It goes without saying that personal connections, maximizing potential, and enhancing life quality are the focus of music therapy, and that each individual has distinct challenges, interests, music preferences, and therapeutic targets. Although I recognize “activities” are not the primary focus in music therapy, I do plan a basic core of music experiences for each week, usually around a central theme, for my individual and group therapy sessions with MT friends of all ages in a variety of settings. Because of St. Patty’s day and spring thunderstorm season in our corner of the world, the music therapy theme this week was rainbows. Here are four well-received applications of music in therapy:
(1) OVER THE RAINBOW. This popular, readily recognizable song can be sung and/or played on piano, keyboard, xylophone, tone bells, or in a bell choir using traditional notation, letter cued melody line, or pointing cues. The song sheet leaves room for people to create their own rainbow with crayons, colored chalk, or water colors. I was THRILLED when an 8-yr-old with limited academic abilities informed me this week my rainbow colors were in the wrong order – she had learned the ROYGBV order in science the day before.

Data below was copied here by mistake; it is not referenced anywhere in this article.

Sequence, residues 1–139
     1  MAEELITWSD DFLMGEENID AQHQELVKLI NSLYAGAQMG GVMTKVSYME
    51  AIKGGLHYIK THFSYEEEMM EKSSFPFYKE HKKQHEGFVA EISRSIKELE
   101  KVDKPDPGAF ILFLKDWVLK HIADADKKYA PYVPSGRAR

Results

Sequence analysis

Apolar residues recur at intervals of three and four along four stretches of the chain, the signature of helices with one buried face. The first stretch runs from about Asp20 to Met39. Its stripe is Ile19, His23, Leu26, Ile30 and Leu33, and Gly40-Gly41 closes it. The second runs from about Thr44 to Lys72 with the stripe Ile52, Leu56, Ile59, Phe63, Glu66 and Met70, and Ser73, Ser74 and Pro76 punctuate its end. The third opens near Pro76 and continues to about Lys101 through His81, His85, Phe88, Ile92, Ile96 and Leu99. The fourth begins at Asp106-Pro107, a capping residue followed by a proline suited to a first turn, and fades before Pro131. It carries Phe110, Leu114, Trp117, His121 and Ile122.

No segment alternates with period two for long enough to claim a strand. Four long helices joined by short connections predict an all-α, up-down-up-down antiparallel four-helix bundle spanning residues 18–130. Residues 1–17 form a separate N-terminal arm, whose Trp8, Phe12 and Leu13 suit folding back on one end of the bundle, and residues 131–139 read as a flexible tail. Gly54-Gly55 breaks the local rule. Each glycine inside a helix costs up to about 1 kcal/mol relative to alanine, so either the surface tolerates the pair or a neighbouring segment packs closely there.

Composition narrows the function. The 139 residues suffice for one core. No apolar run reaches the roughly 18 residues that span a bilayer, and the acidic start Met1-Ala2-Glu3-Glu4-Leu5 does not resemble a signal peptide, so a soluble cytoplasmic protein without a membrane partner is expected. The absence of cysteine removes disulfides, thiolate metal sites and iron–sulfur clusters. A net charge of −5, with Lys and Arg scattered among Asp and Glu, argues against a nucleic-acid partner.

(2) MAGIC! I put flowing, brightly colored scarves from Oriental Trading Company in a large canvas bag, then show younger friends my “magic trick” where they name a color, and, with much fanfare, I magically pull that color from the bag. Kids love “hiding” under their large, gauzy scarves, and they enjoy swirling the scarves – up, down, round, figure-8 – in coordinated unison or improvising while I sing a song about colors and rainbows, inserting their names and colors. Because scarves are so much easier to catch than balls, we play “toss and catch” with partners or toss up high, watching them float slowly to the ground.
(3) BOOKS! Although some of my music therapy friends have limited vision or show no interest in books, most are intrigued with Chuck Murphy’s “Color Surprises” pop-up book and with Eric Carle’s “Let’s Paint a Rainbow.” Both are clever and visually attractive, making them appealing to all ages. One of my life-skills teacher colleagues introduced me to an awesome book by Karen Beaumont – “I Ain’t Gonna Paint No More” based on the catchy folk tune “Ain’t Gonna Rain No More.” I sing the whole thing, including the intro page, and have adapted the book’s lyrics slightly to encourage singing along and/or to cue percussion instruments playing on selected repetitive lyrics. This song book will not doubt make my MT Top Ten Requests list.
(4) SCIENCE. We talked about sun & rain as key components of rainbows, and used prisms and flashlights to create our own rainbows. I showed some pictures I’ve taken of rainbows, providing a catalyst for MT friends who can talk to share some stories about seeing rainbows. One kid spoke volumes as he kept pointing at a rainbow in a picture and saying, “Grandma.”